These are technically for women, but you can join the growing revolution of men who wear them too. They're super easy to get on and off, and the large foot opening makes them much quicker to dry than any other socks I've had. I personally hate socks, but I find these acceptable because they're so easy to deal with.
7. Montbell Plasma 1000 (Japanese)
Because it was on sale, I previously bought a women's aqua-blue Montbell Plasma. Several people told me that it was a terrible color for me, so I decided to buy a new one when I was in Japan. Montbell is actually a Japanese company and the dollar is strong, so it's cheaper if you buy it there (and you can get your tax back if you buy it in Marui in Ikebukuro).
But besides being cheaper in Japan, they also have pockets in Japan. Cool!
Whether you get the pocketed one in Japan or the regular one here in the US, this jacket is extraordinarily light and warm enough. I wear it all the way through the winter and it's kept me warm even when skiing. There are warmer jackets, of course, but I've found that there are few normal situations that require them.
If you want a slightly cheaper option, go with the Montbell Ex-light. It's the same warmth, but a little bit heavier.
8. Patagonia Alpine Houdini
I originally bought the Montane Featherlight Smock because it is the lightest rain shell in the world. To save weight they use only a half zipper, so that you have to pull it over your head to put it on or take it off. It worked great, but proved to be a little bit annoying to deal with.
Instead I got the Patagonia Alpine Houdini, which is 6.6 ounces, a full ounce heavier than the Montane. I like that it has a really robust hood and stuffs into its own pocket. Unlike most gear like this, the fit in the pocket is really tight, so you get to absolutely minimize the amount of space it takes up when stored.
9. Wool Buff
The wool buff is just a tube of soft wool, but it can be used as a neck warmer, hat, or tube top (last claim is unverified). I've also used it as a towel in a pinch, and as a pillowcase. Usually, though, it serves as a hat when it's cold out. The method of turning it into a hat involves doubling it up, so it's actually quite warm.
10. Bathing Suit
Maybe not the best recommendation, but I generally just try to get the most hilarious brief-style bathing suits. They are ridiculed in America, accepted as normal in Europe, and considered slightly offensive in South America. I like that they take up the bare minimum amount of space.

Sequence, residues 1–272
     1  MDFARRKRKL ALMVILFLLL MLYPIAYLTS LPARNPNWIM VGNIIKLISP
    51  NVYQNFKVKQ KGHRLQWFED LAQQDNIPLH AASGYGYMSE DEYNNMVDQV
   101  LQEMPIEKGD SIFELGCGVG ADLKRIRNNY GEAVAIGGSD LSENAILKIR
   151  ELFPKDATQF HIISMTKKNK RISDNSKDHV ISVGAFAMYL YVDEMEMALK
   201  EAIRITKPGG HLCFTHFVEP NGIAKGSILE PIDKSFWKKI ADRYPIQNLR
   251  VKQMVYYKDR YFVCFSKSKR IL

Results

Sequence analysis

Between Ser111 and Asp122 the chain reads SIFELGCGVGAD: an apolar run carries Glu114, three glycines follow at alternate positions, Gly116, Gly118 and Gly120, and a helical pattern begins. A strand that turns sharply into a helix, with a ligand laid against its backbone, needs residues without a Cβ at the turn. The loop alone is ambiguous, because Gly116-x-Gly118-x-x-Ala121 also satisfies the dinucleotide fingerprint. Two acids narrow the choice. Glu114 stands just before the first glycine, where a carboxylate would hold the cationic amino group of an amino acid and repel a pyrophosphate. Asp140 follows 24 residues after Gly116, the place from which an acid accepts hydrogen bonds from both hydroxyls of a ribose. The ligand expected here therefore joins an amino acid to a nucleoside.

The most hilarious versions are available at PistolPete's (NSFW)
11. Omega Seamaster GMT
I love my Rolex Datejust, but three round the world trips within the same amount of months had me wanting something that could keep track of multiple time zones and make those switches easier. I did a lot of research and discovered the Omega Seamaster GMT.
Omega is right up there with Rolex in terms of quality and durability, but their GMT watch is much less expensive than Rolex's GMT.
GMT watches have a fourth hand that goes around the dial every twenty-four hours. It is set independently from the standard three-hand time reading, so you can always have it set for your home time.
The middle detente on the crown allows you to change the current hour in one-hour clicks without changing the minute or seconds. So when you change time zones you pull out the crown, click a few hours over, and then screw the crown back in. The small red hand stays the same and shows your home time.
This watch is also rated for 300M, so it can be worn for scuba diving. The bezel has twenty-four hours marked on it, meaning that you can rotate it to track a third time zone. I also use it as a timer by moving the arrow to the minute hand and then seeing how far the minute hand has moved away when I'm done timing.
I'm a big fan of automatic watches because I like that they never need new batteries, are extremely reliable, and look great. At the same time, there's nothing wrong with just getting a quartz watch. Having a cool automatic watch is basically just an indulgence.
I'm not convinced by all of the smart watches that are available these days. I had one of the first ones back in 1999 (Ruputer), and I like the concept, but I don't think the additional functionality is worth having an extra device to charge.
12. Ray-Ban Polarized Folding Wayfarer Sunglasses